Mind the Corporate Transparency Gap

William Meade 04.04.2018

The Home Secretary says there are ‘no excuses’ for businesses not to meet the gender pay gap reporting deadline. It’s time for Government to send the same message on modern slavery

Today all private sector companies with 250 or more employees must have published details of their gender pay gap. Last week the deadline passed for similarly sized public companies to do the same. When I last checked, 9,151 companies out of the estimated 9,000 companies required to comply had published their data on the Government gender pay gap service. Already attention has turned to how this data can be used to push companies to close the gap. The gender pay gap regulations have so far proved a success for properly monitored and enforced transparency requirements.

Meanwhile, three years after its passage, company reporting under the Modern Slavery Act (the Act) remains disappointing. Section 54 of the Act requires companies with a turnover of £36 million or more to publish a statement outlining what steps they have taken to ensure that slavery and human trafficking is not taking place in their business operations or supply chains. Deadlines have come and gone but only an estimated 5,600 companies out of the approximately 9,000-11,000 required to comply have published statements.

Even this figure does not fully capture the extent to which companies are flouting the law. Analysis of those 5,600 statements shows that only 19% meet the minimum statutory requirements set out in the Act.

Companies including Primark, Sainsbury’s and Marks & Spencer have gone above and beyond the call of duty, setting a high bar for best practice reporting. But these innovators make up the minority and are mostly customer-facing well-known brands with valuable reputations on the line. Such companies can even hope to boost profits by demonstrating a responsible approach to supply chain standards.

The majority of companies required to report, however, are neither well-known nor customer facing. This is a fundamental flaw with the enforcement model the Government has opted for, insisting that rather than threatening companies with fines, the Act is ‘designed to harness pressure from civil society’ and the public. But Government has not published a list of firms required to report and so digging through company accounts is the only way to find out if a company is covered by the requirement. No civil society organisation or member of the public has the resources to do this for thousands of companies and the majority of firms are slipping beneath the public radar. This could be easily resolved if the Government provided a list and developed a repository of published statements, as is currently the case with the gender pay gap reports.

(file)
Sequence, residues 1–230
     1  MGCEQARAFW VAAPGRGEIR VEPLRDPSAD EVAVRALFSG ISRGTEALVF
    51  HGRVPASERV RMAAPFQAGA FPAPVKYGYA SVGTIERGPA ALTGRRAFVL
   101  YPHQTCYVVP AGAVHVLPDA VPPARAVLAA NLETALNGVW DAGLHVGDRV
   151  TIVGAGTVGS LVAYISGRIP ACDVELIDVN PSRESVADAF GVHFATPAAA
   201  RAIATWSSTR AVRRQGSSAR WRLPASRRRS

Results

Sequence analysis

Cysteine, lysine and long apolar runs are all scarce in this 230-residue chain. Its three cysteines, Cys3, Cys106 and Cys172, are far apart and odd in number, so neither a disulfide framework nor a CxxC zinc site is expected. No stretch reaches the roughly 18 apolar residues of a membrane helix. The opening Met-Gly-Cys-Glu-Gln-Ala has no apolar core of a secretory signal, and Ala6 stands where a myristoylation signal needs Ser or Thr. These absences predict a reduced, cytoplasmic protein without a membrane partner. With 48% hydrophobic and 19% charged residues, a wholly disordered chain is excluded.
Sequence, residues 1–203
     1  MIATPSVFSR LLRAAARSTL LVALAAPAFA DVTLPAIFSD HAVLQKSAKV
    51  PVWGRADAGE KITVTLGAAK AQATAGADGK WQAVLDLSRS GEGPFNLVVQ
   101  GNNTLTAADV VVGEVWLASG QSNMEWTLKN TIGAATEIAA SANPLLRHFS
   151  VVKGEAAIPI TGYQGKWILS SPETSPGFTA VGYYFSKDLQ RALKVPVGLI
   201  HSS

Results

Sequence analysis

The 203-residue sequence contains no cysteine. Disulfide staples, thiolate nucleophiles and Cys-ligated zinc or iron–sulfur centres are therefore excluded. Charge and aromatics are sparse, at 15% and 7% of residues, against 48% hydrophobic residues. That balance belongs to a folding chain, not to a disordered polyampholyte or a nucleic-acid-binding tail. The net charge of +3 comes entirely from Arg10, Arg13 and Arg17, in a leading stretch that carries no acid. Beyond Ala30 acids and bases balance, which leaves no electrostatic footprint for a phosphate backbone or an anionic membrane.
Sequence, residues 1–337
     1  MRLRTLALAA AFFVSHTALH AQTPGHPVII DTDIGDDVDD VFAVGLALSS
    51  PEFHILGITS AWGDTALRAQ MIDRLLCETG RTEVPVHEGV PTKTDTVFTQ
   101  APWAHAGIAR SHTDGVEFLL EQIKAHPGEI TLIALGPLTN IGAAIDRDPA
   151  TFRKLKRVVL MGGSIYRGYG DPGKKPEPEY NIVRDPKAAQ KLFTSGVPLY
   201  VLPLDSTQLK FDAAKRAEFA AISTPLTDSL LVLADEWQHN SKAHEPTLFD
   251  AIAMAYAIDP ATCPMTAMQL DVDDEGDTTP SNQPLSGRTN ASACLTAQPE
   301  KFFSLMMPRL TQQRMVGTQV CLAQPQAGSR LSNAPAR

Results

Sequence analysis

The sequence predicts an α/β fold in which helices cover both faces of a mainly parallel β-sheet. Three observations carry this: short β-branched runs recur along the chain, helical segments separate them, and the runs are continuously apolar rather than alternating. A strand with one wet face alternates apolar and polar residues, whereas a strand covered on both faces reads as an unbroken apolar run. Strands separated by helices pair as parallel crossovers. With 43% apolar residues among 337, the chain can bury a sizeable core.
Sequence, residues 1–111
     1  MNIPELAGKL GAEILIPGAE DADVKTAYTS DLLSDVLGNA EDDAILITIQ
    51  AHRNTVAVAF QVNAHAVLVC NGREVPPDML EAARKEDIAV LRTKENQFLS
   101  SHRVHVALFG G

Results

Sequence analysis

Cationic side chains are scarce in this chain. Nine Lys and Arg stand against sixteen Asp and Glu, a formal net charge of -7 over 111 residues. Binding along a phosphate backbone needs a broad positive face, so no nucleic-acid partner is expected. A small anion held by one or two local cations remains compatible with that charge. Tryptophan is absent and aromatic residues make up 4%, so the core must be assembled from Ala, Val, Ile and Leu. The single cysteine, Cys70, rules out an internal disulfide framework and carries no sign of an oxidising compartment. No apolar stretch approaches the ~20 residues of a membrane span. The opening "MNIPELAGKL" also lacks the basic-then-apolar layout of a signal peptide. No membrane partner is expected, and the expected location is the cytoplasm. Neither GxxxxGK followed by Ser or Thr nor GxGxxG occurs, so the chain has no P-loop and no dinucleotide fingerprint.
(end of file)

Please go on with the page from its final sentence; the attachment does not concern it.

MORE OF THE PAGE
The gender pay gap reporting requirements are an excellent example of how to get companies to put resources into reporting against their own financial interests and potentially opening themselves up to risk. Although the requirements rely on public pressure to drive up standards, they do not confuse this with using public pressure to enforce the law. Instead, the Equality and Human Rights Commission (EHRC) has been granted statutory powers to enforce compliance and they have been very forthright about their intention to use these powers. In a recent statement, EHRC’s Chief Executive wrote ‘[l]et me be very very clear: failing to report is breaking the law … we have been very clear that we will be coming after 100% of companies that do not comply’. As a consequence, more companies reported under the gender pay gap regulations in one year than in three years under the Modern Slavery Act.

Although the Act grants the Home Secretary powers to apply for a court injunction in the event of non-compliance, no injunctions have yet been issued. The Government is still arguing that ‘new legislation takes time to embed’, but Section 54 of the Act lays out a clear legal requirement on companies including deadlines that provided for ample notice. It is not the responsibility of civil society or the public to enforce statute.

In a recent Public Accounts Committee inquiry on modern slavery, Home Office officials came under intense scrutiny for the department’s failings on this issue. It was clear from their responses that they realise the position is untenable. To rectify the situation, the Home Office must use its enforcement powers and apply for injunctions against those companies that are failing to comply with the minimum requirements of the Act.